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Vdebug is a new, fast, powerful debugger client for Vim. It's multi-language, and has been tested with PHP, Python, Ruby, Perl, Tcl and NodeJS. It interfaces with any debugger that faithfully uses the DBGP protocol, such as Xdebug for PHP. There are step-by-step instructions for setting up debugging with all of the aforementioned languages in the Vim help file that comes with Vdebug.

It builds on the experience gained through the legacy of the Xdebug Vim script originally created by Seung Woo Shin and extended by so many others, but it's a total rebuild to allow for a nicer interface and support of new features.

It's written in Python, and has an object-oriented interface that is easy to extend and can even be used from the command-line. It even has unit tests covering some of the more critical parts of the code.



  • Vim compiled with Python 3 support, tabs and signs (for Debian/Ubuntu this is provided in the vim-nox package)
  • A programming language that has a DBGP debugger, e.g. PHP, Python, Ruby, Perl, NodeJS, Tcl...

The actual installation is no different than for any other Vim plugin, you can

  • install manually: Clone or download a tarball of the plugin and move its content in your ~/.vim/ directory. You should call :helptags ~/.vim/doc to generate the necessary help tags afterwards.

  • use Pathogen: Clone this repository to your ~/.vim/bundle directory, run :execute pathogen#infect() and :call pathogen#helptags() afterwards.

  • use your favorite plugin manager: Put the respective instruction in your init file and update your plugins afterwards. For Vundle this would be Plugin 'vim-vdebug/vdebug' and :PluginInstall.

Python 2

When you are stuck on a machine with only +python (Python 2) support you can use the latest 1.5 release.


There is extensive help provided in the form of a Vim help file. This goes through absolutely everything, from installation to configuration, setting up debuggers for various languages, explanation of the interface, options, remote server debugging and more.

To get this help, type:

:help Vdebug

Quick guide

Set up any DBGP protocol debugger, e.g. Xdebug. (See :help VdebugSetUp). Start Vdebug with <F5>, which will make it wait for an incoming connection. Run the script you want to debug, with the debugging engine enabled. A new tab will open with the debugging interface.

Once in debugging mode, the following default mappings are available:

  • <F5>: start/run (to next breakpoint/end of script)
  • <F2>: step over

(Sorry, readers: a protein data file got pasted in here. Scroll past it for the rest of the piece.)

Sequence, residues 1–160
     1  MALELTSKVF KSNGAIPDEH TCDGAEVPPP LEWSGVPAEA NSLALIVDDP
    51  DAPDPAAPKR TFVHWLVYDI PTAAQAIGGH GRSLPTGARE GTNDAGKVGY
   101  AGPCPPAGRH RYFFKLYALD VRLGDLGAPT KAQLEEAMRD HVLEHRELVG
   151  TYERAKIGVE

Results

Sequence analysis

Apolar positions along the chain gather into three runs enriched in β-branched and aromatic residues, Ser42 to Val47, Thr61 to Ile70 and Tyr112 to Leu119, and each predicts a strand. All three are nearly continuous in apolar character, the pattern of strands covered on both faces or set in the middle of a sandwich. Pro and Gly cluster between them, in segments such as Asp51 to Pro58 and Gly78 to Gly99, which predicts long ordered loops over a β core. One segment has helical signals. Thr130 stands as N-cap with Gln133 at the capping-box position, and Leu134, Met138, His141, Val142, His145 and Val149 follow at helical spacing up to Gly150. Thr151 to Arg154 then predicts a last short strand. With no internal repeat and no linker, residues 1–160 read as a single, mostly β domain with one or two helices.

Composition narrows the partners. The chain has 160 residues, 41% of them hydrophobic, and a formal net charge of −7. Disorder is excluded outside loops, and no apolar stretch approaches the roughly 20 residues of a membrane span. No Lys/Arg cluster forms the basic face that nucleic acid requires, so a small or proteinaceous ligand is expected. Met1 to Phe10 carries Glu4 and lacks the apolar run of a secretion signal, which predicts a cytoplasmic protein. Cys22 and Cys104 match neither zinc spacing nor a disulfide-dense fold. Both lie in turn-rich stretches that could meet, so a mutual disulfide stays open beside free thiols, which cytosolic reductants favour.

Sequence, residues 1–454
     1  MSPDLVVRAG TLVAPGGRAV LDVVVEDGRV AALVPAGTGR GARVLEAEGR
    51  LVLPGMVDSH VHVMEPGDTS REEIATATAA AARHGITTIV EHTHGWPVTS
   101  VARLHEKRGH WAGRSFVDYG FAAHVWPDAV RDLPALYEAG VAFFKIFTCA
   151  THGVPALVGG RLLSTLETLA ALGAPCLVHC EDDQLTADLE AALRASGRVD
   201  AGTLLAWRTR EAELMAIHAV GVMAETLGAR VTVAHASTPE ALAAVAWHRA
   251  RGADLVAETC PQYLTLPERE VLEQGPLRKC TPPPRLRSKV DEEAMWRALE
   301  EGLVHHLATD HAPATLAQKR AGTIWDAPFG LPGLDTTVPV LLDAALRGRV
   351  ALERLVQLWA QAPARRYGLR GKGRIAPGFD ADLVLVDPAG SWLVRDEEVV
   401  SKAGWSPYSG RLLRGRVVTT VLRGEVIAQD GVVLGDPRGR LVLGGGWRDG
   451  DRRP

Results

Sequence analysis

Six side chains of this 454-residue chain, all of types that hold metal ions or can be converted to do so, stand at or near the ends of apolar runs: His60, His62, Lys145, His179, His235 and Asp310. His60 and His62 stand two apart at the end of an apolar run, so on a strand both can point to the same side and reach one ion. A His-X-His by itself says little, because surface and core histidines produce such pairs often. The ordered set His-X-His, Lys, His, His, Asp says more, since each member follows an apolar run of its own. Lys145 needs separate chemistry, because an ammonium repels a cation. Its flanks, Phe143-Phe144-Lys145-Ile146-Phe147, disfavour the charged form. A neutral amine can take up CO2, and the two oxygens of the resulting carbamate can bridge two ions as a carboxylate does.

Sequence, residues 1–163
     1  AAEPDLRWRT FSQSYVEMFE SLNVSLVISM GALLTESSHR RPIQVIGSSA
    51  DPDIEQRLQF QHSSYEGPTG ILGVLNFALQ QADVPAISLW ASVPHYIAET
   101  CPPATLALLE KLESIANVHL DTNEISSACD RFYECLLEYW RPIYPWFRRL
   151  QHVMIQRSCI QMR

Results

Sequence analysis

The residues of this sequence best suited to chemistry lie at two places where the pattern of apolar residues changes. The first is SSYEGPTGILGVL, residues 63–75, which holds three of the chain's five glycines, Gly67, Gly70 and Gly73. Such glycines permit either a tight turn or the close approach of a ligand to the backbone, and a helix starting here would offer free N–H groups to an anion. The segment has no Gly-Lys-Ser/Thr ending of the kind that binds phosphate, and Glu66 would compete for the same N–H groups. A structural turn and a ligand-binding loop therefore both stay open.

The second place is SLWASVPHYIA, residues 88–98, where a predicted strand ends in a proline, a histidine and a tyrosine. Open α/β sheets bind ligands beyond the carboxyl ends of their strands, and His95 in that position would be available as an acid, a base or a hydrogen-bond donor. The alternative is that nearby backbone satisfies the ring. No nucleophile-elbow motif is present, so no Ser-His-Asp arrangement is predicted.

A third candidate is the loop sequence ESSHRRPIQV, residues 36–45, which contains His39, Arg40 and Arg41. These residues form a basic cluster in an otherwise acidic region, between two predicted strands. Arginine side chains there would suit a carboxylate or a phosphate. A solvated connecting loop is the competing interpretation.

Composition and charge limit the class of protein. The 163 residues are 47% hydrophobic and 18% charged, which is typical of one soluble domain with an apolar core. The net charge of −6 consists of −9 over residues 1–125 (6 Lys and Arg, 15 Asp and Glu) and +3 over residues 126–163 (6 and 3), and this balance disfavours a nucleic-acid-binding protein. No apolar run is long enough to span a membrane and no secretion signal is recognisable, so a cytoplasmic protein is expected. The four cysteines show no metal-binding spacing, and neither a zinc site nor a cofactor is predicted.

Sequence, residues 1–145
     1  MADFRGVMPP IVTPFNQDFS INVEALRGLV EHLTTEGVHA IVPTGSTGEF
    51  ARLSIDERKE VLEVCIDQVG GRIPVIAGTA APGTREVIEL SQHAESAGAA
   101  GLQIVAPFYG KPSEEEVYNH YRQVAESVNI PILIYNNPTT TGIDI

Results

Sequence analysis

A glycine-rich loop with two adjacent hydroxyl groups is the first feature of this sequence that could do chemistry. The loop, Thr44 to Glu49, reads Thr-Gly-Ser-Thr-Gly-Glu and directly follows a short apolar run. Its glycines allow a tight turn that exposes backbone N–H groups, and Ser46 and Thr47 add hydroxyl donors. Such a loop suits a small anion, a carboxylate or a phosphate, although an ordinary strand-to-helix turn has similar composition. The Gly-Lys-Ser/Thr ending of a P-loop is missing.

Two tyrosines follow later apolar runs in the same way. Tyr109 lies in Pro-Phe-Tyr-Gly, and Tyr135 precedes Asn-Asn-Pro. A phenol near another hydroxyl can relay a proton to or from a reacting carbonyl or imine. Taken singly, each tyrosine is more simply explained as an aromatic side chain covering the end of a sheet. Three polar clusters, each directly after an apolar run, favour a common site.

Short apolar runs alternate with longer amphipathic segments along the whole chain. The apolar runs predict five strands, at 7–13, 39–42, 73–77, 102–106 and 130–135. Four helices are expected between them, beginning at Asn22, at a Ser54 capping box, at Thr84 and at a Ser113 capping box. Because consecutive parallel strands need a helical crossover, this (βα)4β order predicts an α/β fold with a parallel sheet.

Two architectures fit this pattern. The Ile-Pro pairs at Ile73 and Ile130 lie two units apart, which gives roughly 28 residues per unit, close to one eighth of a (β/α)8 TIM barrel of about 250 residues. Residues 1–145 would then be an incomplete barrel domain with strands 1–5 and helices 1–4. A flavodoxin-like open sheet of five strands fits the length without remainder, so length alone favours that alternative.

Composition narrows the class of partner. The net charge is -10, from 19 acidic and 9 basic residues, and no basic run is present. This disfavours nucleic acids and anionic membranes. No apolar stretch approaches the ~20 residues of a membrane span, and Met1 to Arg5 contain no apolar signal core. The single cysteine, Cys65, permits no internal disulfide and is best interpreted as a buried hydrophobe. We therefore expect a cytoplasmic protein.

• <F3>: step into
  • <F4>: step out
  • <F6>: stop debugging (kills script)
  • <F7>: detach script from debugger
  • <F9>: run to cursor
  • <F10>: toggle line breakpoint
  • <F11>: show context variables (e.g. after "eval")
  • <F12>: evaluate variable under cursor
  • :Breakpoint <type> <args>: set a breakpoint of any type (see :help VdebugBreakpoints)
  • :VdebugEval <code>: evaluate some code and display the result
  • <Leader>e: evaluate the expression under visual highlight and display the result

To stop debugging, press <F6>. Press it again to close the debugger interface.

If you can't get a connection, then chances are you need to spend a bit of time setting up your environment. Type :help Vdebug for more information.

Getting help

If you're having trouble with Vdebug in any way, here are the steps you can take to get help (in the right order):

  1. Check the issues to see whether it's already come up.
  2. Visit the #vdebug irc channel on freenode, someone is normally there.
  3. Open a new issue.


If you have a problem, and would like to see what's going on under the hood or raise an issue, it's best to create a log file. You can do this by setting these options before you start debugging:

:VdebugOpt debug_file ~/vdebug.log
:VdebugOpt debug_file_level 2

Then start debugging, and you can follow what's added to the log file as you go. It shows the communication between the debugging engine and Vdebug.

If you're creating an issue then it's probably best to upload a log as a Gist, as it can be pretty large.


I gladly accept contributions to the code. Just fork the repository, make your changes and open a pull request with detail about your changes. There are a couple of conditions:


The tests use unittest and mock, which are both part of the stdlib in Python 3. To run the tests, run python3 -m unittest discover in the top directory of the plugin


This plugin is released under the MIT License.